He admires Barry Jenkins’ Moonlight, but Jaws is his guilty pleasure. Meet Roland Kennedy, the writer and director of Moments of Truth, a new short film commissioned by Jigsaw and the National Film and Television School, influenced by New Wave cinema – the inspiration behind our casualwear collection this season…
Film buff and winner of our latest competition in collaboration with the National Film and Television School (NFTS), Roland was set the challenge to create a film based on our new casualwear collection, inspired by the spirit and spontaneity of New Wave cinema. At Jigsaw’s Duke St Emporium in London, he tells Nakhalar Sterling about the making of the film.
How did this project differ to films you’ve worked on before?
What was unusual is that it was consciously tied to the history of film. The brief was to make a film inspired by French New Wave Cinema on Jigsaw’s New Wave-inspired collection. I had the potential to explore lots of New Wave cinematic techniques, like breaking the 4th wall by talking directly to the audience.
How do you stay true to your values and vision in a partnership with a brand?
Jigsaw granted me a lot of artistic freedom, which I really enjoyed. They were able to think outside of the box with me. That being said, there were constraints, like the budget. It wouldn’t have been possible without calling favours and the talented collaborators who made it happen with their own generosity.
Your knowledge on New Wave cinema must be second to none now. Tell us what makes New Wave cinema so special?
New Wave cinema was constantly rethinking how things can be done. I had fun thinking about the parallels between what the New Wave did for cinema and the trending of jeans in women’s fashion in the 60s. The wearing of trousers in the 60s was still an avant-garde thing to do and women chose it for the liberation it gave them. They are a signifier of freedom from gender constraints.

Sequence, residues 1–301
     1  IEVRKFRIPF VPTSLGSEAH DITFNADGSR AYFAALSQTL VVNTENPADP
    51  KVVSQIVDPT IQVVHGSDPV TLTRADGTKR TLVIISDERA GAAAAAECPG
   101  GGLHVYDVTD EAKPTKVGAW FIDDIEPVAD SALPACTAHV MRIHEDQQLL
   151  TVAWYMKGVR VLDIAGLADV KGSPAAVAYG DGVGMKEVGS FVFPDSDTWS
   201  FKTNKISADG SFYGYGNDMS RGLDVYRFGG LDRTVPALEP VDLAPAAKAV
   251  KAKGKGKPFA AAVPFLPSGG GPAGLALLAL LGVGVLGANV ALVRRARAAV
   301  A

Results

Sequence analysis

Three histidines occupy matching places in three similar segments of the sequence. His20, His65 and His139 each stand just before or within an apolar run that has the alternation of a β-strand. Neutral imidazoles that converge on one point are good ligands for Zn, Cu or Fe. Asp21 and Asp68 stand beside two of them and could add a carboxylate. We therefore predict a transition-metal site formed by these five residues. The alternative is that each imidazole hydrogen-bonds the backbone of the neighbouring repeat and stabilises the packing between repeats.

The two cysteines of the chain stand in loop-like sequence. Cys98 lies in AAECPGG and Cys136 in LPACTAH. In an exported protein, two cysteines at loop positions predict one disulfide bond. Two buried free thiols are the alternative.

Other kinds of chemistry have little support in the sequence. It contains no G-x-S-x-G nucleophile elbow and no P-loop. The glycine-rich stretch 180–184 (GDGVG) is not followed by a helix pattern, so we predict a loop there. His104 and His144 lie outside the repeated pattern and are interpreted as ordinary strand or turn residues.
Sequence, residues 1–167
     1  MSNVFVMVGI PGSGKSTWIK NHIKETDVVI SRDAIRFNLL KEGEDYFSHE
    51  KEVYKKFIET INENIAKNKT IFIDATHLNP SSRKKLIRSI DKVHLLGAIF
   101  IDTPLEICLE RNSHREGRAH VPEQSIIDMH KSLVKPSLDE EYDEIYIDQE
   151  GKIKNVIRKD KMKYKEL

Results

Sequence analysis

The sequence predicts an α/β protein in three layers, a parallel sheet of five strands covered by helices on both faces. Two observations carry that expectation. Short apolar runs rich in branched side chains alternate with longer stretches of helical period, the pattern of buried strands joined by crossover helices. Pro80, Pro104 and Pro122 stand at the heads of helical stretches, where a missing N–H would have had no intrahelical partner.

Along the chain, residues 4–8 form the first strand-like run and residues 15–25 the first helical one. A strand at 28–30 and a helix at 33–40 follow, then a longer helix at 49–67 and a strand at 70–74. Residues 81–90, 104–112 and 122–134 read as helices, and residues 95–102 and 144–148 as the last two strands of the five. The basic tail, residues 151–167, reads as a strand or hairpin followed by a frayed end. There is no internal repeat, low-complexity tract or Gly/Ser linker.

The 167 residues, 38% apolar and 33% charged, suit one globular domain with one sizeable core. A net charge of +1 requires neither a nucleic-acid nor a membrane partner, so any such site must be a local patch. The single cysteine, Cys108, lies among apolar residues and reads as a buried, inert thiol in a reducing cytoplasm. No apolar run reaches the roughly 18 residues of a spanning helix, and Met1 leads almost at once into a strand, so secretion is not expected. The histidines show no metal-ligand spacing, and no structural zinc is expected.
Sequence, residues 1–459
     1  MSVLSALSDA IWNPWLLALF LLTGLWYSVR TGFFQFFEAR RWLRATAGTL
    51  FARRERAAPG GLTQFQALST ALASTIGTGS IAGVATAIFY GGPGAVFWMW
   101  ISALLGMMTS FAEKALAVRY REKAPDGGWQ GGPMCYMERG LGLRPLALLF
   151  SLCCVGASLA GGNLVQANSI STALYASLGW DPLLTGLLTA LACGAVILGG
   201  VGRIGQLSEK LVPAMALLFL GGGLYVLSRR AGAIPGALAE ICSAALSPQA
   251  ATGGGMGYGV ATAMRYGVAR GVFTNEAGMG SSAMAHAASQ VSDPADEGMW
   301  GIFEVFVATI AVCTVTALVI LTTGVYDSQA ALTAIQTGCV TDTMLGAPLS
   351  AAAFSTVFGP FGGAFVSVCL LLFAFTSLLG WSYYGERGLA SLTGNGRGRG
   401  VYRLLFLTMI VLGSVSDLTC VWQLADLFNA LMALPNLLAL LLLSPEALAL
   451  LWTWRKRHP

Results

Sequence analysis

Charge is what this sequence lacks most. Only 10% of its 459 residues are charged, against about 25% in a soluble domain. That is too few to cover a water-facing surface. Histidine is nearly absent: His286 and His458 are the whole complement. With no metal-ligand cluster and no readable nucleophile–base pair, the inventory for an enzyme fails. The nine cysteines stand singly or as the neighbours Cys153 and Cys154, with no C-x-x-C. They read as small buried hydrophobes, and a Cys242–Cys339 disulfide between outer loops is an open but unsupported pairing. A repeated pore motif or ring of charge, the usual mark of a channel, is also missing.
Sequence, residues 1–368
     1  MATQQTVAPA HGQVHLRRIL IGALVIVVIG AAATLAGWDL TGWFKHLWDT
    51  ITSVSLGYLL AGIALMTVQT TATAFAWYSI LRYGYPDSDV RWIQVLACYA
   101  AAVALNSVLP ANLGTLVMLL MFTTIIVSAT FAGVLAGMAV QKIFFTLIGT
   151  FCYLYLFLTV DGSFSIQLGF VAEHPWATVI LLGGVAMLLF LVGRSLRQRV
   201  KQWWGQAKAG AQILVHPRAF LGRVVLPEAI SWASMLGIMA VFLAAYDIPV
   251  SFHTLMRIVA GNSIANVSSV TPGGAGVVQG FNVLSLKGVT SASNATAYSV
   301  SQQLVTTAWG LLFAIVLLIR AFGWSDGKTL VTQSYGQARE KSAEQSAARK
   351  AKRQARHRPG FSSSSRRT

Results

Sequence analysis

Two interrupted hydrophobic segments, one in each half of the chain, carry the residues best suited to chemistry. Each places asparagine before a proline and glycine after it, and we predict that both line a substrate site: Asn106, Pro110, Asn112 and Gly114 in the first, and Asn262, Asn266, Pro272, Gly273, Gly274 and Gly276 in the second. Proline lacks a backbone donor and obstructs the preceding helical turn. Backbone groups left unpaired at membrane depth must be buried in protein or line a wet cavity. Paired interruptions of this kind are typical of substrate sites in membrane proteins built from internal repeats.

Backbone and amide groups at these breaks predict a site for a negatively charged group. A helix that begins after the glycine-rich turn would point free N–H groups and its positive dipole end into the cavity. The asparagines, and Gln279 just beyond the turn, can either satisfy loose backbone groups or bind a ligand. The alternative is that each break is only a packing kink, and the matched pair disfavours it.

Are there any modern-day directors or writers that inspire you?
There are lots. I thought Moonlight by Barry Jenkins was sublime.
What’s exciting you about the world of film at the moment?
The social-realism films that we saw coming from America this year. Moonlight and Manchester by the Sea; it’s great that they are all getting mass attention.
Are actors a nightmare to work with?
No, they’re the best. They take on the most pressure. When it comes to the crunch they have to make it count and tell the story with feeling and find truthfulness.
If you could have directed any film, which would it have been? And what would you have changed?
One of my all-time favourites is Where is My Friend’s Home. Not many people have seen it. It’s by Abbas Kiarostami, an Iranian director who died last year.
The story is about a boy’s journey travelling through rural Iran to help his friend try and get his homework book back to stop him dropping out of school. It’s a beautiful journey that shows the spirited hope still alive in the child that seems long gone in the adults. I recommend everyone sees it.
Your focus is on indie films – but do you have a guilty, blockbuster pleasure?
Jaws is probably one of my favourite films of all time but I wouldn’t attach any guilt.
Enjoy the film…